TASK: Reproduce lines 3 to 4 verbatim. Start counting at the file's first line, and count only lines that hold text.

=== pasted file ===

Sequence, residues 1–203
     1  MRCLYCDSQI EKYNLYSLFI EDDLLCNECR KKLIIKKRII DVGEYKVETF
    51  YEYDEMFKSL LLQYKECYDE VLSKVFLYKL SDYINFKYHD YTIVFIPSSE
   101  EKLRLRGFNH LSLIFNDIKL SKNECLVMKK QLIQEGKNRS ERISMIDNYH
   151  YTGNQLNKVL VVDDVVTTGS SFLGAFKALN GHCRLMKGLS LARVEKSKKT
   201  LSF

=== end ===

    51  YEYDEMFKSL LLQYKECYDE VLSKVFLYKL SDYINFKYHD YTIVFIPSSE
   101  EKLRLRGFNH LSLIFNDIKL SKNECLVMKK QLIQEGKNRS ERISMIDNYH